## Week 1

### Introduction

• The origins of Group theory is in Premutations (the algebra obeyed) and Geometry (rotations) corresponding to Discrete and Continuous groups respectively.
• Geometric rotations, in general do not commute.
• Continuous groups is essentially Trignomentry.
• In quantum mechanics, symmetry group substitutes for the geometry of shape and size.

### Algebraic preliminaries

#### Sets and maps

Mathematicians usually classify maps as:

• Surjective/onto: Range is completely covered.
• Injective/into: One to One, but need not exhaust range.
• Bijective: Both one-to-one and covers the whole range.

Algebraic Structure: There exists a binary relation with properties:

• commutatitive: $$a \circ b$$ = $$b \circ a$$
• associative: $$a \circ (b \circ c) = (a \circ b) \circ c$$
• When not associative, Jacobi identity is used as an alternative.
• identity element: $$a \circ e = a = e \circ a$$
• inverse: $$a \circ a^{-1} = e = a^{-1} \circ a$$

Homomorphism: Maps which preserves algebraic structure.

Isomorphism: Maps which are bijective and preserves the algrbraic structure i.e., a map M: $$S_1 \rightarrow S_2$$ with algrbraic structures $$a \circ_1 b \in S_1$$ and $$a’ \circ_2 b’ \in S_2$$ has the property - $$(a \circ_1 b) \rightarrow (a’ \circ_2 b’)$$ if $$a \rightarrow a’$$ and $$b \rightarrow b’$$.

#### Groups

Group: A set which satisfies:

1. Closure: $$\forall a, b \in S\ \exists\ a \circ b \in S$$
2. Associative: $$a \circ (b \circ c) = (a \circ b) \circ c$$
3. Identity: $$\exists\ e \in S$$ such that $$a \circ e = a = e \circ a$$
4. Inverse: $$\forall a \in S\ \exists\ a^{-1} \in S$$ such that $$a \circ a^{-1} = e = a^{-1} \circ a$$

Examples of groups: set of matrices with determinant $$\ne$$ 0; set of all posible rotational configurations of a rigid object.

Abelian group: A group which satisfies an additional property - Commutativiy: $$a \circ b$$ = $$b \circ a$$. Example: Rotations in 2D plane - SO(2).

#### Linear vector space

A set $$V$$ with + (addition) and $$\bullet$$ (scalar multiplication) and an auxiliary set of scalars (s) which satisfies:

• Abelian group under +
• Under $$\bullet$$:
• $$a \bullet v \in V$$ when $$a \in s$$
• $$a \bullet (v_1 + v_2) = a \bullet v_1 + a \bullet v_2$$: multiplication is distributive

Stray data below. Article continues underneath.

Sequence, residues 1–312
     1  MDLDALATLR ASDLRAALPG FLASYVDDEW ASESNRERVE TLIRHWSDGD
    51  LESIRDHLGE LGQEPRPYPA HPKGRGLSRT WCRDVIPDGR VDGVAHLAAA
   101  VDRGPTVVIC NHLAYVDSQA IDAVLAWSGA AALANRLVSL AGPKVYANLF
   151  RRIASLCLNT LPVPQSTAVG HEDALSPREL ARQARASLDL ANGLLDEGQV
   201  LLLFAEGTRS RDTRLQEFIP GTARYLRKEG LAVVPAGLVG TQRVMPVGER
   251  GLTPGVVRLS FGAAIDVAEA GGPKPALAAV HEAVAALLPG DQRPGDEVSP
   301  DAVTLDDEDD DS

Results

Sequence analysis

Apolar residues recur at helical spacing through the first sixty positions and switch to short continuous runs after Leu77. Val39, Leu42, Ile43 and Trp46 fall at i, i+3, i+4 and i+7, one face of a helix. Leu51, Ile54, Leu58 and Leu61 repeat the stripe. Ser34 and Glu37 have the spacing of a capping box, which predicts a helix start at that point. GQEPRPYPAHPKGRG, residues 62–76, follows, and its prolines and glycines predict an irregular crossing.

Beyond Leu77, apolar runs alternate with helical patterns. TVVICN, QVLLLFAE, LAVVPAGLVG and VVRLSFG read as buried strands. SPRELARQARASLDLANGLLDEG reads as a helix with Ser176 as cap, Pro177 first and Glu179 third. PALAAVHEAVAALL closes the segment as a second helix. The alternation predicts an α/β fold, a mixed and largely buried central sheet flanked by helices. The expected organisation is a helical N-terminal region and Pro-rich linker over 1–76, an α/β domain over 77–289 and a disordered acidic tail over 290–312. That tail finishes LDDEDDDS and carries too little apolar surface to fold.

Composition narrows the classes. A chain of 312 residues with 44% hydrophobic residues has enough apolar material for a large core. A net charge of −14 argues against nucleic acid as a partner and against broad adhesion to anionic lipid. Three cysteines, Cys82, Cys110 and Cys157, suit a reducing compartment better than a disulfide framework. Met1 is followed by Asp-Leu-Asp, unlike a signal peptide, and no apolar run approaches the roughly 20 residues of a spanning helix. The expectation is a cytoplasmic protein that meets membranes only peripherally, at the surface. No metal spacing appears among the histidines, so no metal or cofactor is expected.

• Additionally, scalars have their own abelian structure with + so that $$a_1+a_2 \in s$$ etc.
• $$(a_1+a_2) \bullet v = a_1 \bullet v + a_2 \bullet v$$

#### Permutations

Permutation group is the group of all possible ways of rearranging n objects. The “possible ways” are elements of the group.

Any discrete group is a sub-group of some permutation group.

Can be represented as matrices.

#### Equivalence realtion

For a set $$s$$ a “relation” $$R$$ is a conditional about a,b etc. $$\in s$$ such that:

• $$a R a$$ : a is always related to a: Reflexivity
• $$a R b \Rightarrow b R a$$: Symmetry
• $$a R b$$ and $$b R c \Rightarrow a R c$$: Tansitivity

Any relation $$R$$ with above properties is called an Equivalence relation. Example: “parallel” relation of st. lines in a plane is an equivalence relation ; “perpendicular” is not an equivalence relation (does not satisfy first req.)

Theorem: An equivalence relation divides a set into disjoint subsets whose union makes up the whole set $$s$$.

Proof: Let $s_1, s_2, …$ be some subsets. Let $$s_1$$ be such that all elements in it are related by R. Similarly, consider $$s_2$$. Now, $$s_1 \cap s_2$$ because $$a \in s_1$$ and $$b \in s_2$$ and hypothesis $$a R b$$ forces $$s_1$$ and $$s_2$$ to be same subsets due to transitivity and symmetry.

## Week 2

### Lagrange’s Theorem:

If H is a subgroup

## Reference books:

• Morton Hammermesh
• Sadri Hassani Ch. 23 and 24
• Brian C. Hall
• Ramadevi’s draft book for applications